Getting to the hot-springs town of Shibu Onsen is not difficult. First get to JR Nagano Station and then switch to the Nagano Electric Railway (Nagano Dentetsu). One of its local trains then slowly and gently rocks you until, an hour later, you find yourself at Yudanaka-eki, the terminus station. From there a seven-minute bus ride delivers you to your destination of Shibu Onsen, a famous hot-springs resort that boasts a history of over 1,300 years.
Situated in the north of Nagano Prefecture, this popular hot-springs resort is known for its cobblestone streets and old-fashioned charm. Home to some thirty-seven springs, it's a place where you can enjoy a variety of 'waters' at nine soto-yu (literally 'outside baths.') 'Outside', however, does not mean that they are outdoor; it just means that they are not located on the premises of ryokan (inns), which, of course, have their own baths for the exclusive use of their guests. These 'outside' common baths are what the locals use for daily bathing, and they have lovingly maintained them since time immemorial. The nine are Hatsu-yu, Sasa-no-yu, Wata-no-yu, Take-no-yu, Matsu-no-yu, Mearai-no-yu, Nanakuri-no-yu, Jimmyotaki-no-yu, and O-yu.
With the exception of O-yu, which is open to one and all, the use of these baths is restricted to the locals. However, if you are a guest of one of Shibu Onsen's designated inns, you will be given a master key that allows you to make the circuit of these baths free of charge. Moreover, if you successfully complete the nine-bath circuit, it is said that your cares and woes will be washed away, sickness will be warded off, childbirth will be easy, and you'll live to a ripe old age. Finally, if you worship at Shibu-Takarakushi, a temple enshrining a Healing Buddha, all your wishes will be fulfilled.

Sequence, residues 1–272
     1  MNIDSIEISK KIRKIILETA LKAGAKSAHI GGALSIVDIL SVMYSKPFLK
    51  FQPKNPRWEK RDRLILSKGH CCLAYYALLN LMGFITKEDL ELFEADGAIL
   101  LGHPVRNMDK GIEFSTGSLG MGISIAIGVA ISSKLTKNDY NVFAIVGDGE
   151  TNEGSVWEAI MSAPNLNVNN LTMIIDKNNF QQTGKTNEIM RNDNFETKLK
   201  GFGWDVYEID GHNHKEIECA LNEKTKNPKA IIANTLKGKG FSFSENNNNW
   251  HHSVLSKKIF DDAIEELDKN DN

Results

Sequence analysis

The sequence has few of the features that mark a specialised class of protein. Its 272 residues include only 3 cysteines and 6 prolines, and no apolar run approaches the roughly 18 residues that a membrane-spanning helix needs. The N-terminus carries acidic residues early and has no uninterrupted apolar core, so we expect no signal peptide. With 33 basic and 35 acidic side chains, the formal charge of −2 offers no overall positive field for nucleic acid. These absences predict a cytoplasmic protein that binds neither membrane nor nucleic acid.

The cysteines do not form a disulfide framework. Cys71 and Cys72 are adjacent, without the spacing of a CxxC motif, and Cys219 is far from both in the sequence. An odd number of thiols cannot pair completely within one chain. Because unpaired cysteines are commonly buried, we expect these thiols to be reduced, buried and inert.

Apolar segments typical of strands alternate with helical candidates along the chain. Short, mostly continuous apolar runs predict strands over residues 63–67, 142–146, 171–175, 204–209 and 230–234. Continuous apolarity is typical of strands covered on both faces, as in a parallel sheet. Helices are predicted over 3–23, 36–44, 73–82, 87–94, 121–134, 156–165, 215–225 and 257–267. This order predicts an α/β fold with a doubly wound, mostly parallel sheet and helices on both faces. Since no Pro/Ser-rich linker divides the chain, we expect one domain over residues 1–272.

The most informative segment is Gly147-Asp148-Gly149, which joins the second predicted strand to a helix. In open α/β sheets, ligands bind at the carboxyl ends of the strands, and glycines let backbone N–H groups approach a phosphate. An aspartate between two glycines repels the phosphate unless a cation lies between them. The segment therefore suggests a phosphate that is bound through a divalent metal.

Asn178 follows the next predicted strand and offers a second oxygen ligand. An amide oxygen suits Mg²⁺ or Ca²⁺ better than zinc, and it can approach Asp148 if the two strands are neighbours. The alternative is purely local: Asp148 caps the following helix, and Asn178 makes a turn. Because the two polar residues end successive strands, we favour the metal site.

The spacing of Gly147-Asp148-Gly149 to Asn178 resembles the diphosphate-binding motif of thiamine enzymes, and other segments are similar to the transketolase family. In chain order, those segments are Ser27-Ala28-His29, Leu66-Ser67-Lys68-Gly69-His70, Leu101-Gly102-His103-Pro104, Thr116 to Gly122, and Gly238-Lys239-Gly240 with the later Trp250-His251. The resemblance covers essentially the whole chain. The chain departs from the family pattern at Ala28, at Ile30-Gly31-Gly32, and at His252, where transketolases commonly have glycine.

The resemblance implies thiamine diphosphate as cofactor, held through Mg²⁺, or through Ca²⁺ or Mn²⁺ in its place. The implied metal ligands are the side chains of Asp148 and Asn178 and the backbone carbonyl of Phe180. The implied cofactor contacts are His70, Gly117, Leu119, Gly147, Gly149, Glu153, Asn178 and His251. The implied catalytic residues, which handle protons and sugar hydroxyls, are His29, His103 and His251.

When all is said and done, however, the soto-yu circuit's main charm is that it gives you the chance to enjoy nine baths, each with its own unique characteristics. The colors of the various waters, as well as their beneficial properties, are different. But, even better, all this delightful hot water gushes forth 100% in its natural, unadulterated state. This is something that can only be found at a site blessed with an abundance of water.
The soto-yu baths are open from 6 am to 10 pm (O-yu is open to the general public from 10 am to 4 pm.) Bath capacity varies from bath to bath: the smallest can hold three to four people, while the biggest can accommodate seven to eight. The bathhouses are simple structures featuring only a tub. There are no showers. There are also no attendants: bathers let themselves in and out using the key that they borrowed from their inn. In addition, the temperature of the water is generally very high. Although it's usually considered uncouth to do so, you might find it necessary to add some cold water.